My prize? Shoot, that was a no-brainer --- taking a 25% slice of one of our resident expert players in his next $109 MTT. Lo and behold, Scott placed something like 16th and cashed for $240 and change. It meant $40 for me and $20 which is planned to go to Scott's favorite charity, kidney-disease research, which is part of my thank-you in turn to Scott and Wicked Chops Poker for coming up with this cool idea. I hope they keep doing it, though I've promised not to solve any more of these myself for a good while.
And we now we move on to my latest episode of windmill-tilting, an often fruitless enterprise for which I seem to have a special affinity. This time the culprit is FirePay, one of the most popular online banking services.
Screw 'em. May they rot in hell for their base dishonesty. All for a measly $10.
I'd like to preface the rest of this story by stating that I'm a small-potatoes player. My typical online poker transactions are in the $50-$200 range, and I can't think of one over $400. I do a lot of site-sampling, too --- I can play a bit, see if I like a site, gather enough information for a review and/or work on a small bonus, then move on to the next. I'm not a bonus whore in the strictest sense, but I won't turn down a good deal, either.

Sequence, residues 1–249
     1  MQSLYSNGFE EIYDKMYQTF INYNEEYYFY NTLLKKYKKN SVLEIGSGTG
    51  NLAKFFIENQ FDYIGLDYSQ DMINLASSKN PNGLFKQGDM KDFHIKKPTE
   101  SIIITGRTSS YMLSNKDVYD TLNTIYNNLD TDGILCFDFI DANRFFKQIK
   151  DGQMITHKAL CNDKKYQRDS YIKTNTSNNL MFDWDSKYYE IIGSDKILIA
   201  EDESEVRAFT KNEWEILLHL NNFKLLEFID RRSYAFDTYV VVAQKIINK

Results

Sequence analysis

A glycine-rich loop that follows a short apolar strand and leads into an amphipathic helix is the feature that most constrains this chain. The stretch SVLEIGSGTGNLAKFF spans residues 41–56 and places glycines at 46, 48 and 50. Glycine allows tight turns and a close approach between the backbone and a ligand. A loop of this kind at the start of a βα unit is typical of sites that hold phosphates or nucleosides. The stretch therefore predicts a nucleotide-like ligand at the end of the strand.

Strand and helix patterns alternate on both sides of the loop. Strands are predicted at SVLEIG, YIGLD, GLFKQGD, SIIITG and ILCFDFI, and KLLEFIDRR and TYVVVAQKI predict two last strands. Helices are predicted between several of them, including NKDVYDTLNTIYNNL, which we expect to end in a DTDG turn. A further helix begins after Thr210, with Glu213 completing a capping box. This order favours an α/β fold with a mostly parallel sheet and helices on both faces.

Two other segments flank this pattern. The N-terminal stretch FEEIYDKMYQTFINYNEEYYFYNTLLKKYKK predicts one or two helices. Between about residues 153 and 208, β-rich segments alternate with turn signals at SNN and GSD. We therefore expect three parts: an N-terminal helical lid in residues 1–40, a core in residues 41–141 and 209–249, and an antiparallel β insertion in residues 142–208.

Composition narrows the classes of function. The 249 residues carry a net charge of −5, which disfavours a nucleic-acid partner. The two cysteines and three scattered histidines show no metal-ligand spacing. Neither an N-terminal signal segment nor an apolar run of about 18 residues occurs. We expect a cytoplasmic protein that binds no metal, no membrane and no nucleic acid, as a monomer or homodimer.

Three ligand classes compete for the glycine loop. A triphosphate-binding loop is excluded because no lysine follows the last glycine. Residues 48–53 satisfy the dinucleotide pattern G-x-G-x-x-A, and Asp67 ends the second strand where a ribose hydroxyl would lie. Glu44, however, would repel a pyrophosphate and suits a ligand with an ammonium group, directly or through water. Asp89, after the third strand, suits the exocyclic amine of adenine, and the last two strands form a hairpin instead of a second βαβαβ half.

I am entirely unexceptional in this regard.
I needed to pull out some of my poker money recently, not that there was any profit to take. Rather, my car decided to break down during long-distance trips, not once but three freakin' times with what was essentially the same problem. Repair place #2, A-R-A of Madison, WI, gets a special wave of the toilet plunger for charging me $100 and change for gluing and wrapping a cracked plastic connector, instead of replacing it. Said connector was a of a type of plastic that oozes its own lubricant, and is not glueable.... so sayeth repairman #3. Of course, repairs #2 and #3 wouldn't have been necessary if repairman #1 hadn't cracked the connector when replacing the nearby fuel pump in the first place.
Grand total in damages, including two tows: approximately $1,000. Enter the need to use some discretionary funds.